In one embodiment, after computer program tool 700 is displayed with values in cells 701-706, a user may select calculate button 720 to cause cells 707-713 in computer program tool 700 to be populated. Cells 707-713 may represent additional values and may be populated (not shown) based on the values in cells 701-706 and other values in spreadsheet 300. In one embodiment, cells 707-713 are populated as a result of macros, stored equations, and/or other computer program instructions that cause the cells to be automatically populated.

In one embodiment, annual carrying cost cell 707 includes the opportunity cost to the supplier of spending money to manufacture or have manufactured the assembled goods rather than investing the money elsewhere. The annual carrying cost may be calculated, for example, by determining the future return on an investment using the value of cost cell 705 as the present value and the value of percentage cell 706 as the interest rate.

In one embodiment, order quantity cell 708 includes an order quantity that minimizes carrying costs and manufacturing costs based on, for example, the values in EAU cell 701, setup cost cell 702, daily usage rate cell 703, daily production rate cell 704, and annual carrying cost cell 707. In one embodiment, the value in order quantity cell 708 is calculated according to the following formula, and is rounded to the nearest integer:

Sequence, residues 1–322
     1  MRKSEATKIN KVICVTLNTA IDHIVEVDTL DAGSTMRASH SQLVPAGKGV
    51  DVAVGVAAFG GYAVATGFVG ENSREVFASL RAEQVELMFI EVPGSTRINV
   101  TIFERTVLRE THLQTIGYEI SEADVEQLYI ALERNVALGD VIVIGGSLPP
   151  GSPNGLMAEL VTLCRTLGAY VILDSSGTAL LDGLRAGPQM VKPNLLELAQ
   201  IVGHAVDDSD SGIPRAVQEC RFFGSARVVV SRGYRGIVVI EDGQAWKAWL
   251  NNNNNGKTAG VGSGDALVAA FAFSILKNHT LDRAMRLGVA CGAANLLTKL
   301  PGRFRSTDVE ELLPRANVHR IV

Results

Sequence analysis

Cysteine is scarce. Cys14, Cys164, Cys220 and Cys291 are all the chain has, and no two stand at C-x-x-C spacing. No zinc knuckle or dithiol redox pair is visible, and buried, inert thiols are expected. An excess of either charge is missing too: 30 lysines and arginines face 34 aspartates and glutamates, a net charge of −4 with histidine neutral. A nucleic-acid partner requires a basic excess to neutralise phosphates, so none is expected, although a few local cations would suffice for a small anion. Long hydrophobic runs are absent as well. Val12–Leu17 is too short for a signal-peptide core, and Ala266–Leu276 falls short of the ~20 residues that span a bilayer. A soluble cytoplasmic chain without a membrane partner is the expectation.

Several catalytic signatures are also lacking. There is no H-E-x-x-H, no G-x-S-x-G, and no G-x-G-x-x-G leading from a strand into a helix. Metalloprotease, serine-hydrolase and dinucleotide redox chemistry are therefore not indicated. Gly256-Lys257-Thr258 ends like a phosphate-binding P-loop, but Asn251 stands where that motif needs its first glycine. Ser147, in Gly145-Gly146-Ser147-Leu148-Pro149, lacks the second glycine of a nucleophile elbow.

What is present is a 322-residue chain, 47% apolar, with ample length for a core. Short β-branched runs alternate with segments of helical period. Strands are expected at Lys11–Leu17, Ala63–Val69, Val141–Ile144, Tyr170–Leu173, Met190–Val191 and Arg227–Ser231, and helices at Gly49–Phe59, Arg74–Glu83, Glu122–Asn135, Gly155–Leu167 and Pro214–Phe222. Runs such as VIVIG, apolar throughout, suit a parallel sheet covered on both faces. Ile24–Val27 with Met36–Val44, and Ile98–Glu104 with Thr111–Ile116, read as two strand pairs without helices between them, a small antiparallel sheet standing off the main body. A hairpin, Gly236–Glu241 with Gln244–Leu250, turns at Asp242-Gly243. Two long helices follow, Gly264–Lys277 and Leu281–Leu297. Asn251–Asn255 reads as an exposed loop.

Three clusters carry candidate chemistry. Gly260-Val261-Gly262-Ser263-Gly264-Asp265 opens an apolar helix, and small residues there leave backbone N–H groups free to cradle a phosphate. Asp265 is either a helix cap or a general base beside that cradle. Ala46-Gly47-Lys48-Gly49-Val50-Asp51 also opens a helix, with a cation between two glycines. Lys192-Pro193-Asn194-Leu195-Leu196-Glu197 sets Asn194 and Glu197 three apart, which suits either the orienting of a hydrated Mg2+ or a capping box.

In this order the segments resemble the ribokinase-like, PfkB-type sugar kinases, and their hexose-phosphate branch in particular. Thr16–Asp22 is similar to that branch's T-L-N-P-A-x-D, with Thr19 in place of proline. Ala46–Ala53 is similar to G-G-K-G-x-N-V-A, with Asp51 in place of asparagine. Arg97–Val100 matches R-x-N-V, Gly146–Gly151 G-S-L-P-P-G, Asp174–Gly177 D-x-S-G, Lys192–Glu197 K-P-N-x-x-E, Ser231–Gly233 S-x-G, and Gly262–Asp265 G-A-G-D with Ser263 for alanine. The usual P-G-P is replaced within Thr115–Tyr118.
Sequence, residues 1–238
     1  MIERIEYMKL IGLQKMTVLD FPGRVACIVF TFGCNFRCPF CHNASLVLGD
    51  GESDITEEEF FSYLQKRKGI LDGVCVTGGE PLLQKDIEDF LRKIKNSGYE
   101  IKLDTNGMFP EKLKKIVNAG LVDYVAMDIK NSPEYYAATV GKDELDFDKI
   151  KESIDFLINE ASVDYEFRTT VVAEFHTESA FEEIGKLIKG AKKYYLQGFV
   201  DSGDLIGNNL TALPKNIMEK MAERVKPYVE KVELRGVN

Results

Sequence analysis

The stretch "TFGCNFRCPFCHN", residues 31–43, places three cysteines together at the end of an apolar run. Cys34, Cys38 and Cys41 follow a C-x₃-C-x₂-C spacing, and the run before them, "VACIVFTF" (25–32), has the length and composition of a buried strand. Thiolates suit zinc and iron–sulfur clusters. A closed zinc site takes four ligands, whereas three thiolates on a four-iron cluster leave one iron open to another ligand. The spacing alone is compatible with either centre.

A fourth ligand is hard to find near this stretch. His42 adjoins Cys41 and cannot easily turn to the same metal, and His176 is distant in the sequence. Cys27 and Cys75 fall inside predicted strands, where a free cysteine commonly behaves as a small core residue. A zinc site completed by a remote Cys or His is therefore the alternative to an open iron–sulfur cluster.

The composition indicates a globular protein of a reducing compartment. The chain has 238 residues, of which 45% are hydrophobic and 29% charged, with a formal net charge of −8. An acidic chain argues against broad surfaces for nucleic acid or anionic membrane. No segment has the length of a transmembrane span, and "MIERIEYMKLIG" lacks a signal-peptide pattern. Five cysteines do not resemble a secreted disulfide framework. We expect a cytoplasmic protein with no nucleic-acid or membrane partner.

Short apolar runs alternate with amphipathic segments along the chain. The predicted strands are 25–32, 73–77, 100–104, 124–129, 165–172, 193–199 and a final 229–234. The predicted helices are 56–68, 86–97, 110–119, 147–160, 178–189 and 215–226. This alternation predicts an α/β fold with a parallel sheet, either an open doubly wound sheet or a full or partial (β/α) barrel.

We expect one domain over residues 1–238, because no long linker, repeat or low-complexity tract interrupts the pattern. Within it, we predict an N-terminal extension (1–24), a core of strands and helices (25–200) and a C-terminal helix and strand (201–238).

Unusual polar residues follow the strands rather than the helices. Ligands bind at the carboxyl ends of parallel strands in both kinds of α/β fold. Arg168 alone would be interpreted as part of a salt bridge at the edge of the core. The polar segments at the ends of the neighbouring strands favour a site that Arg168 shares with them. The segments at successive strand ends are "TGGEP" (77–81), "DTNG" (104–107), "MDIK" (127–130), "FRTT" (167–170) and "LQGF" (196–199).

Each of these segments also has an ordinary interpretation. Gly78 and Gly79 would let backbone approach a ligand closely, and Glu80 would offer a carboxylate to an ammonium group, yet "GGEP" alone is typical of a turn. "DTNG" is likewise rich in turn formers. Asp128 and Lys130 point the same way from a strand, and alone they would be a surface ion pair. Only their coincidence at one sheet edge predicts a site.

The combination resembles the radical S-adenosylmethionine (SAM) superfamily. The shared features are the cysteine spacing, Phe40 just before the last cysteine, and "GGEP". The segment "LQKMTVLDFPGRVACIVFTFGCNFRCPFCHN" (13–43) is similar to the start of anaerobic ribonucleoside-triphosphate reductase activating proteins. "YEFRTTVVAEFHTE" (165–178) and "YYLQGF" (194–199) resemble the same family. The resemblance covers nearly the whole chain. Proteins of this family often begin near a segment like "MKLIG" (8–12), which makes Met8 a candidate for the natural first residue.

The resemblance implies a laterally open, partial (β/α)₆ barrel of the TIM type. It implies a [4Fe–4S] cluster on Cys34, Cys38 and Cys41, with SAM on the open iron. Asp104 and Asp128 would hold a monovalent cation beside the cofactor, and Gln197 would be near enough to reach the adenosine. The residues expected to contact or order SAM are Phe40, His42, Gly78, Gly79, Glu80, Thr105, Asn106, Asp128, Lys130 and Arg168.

OrderQuantity=2×EAU×setupcostannualcarryingcost×dailyproductionratedailyproductionrate-dailyusagerate

In one embodiment, setups cell 709 includes the number of setups required to produce the EAU amount based on the calculated order quantity in cell 708. Thus, the value in setups cell 709 may be calculated by dividing the value in EAU cell 701 by the value in order quantity cell 708. In one embodiment, setups cell 709 is rounded to the nearest integer.

Inventory max cell 710 represents a maximum number of manufactured goods that the supplier will need to store in inventory based on the order quantity in cell 708, daily production rate in cell 704, and daily usage rate in cell 703, and may be calculated according to the following formula:

InventoryMax=orderquantitydailyproductionrate×(dailyproductionrate-dailyusagerate)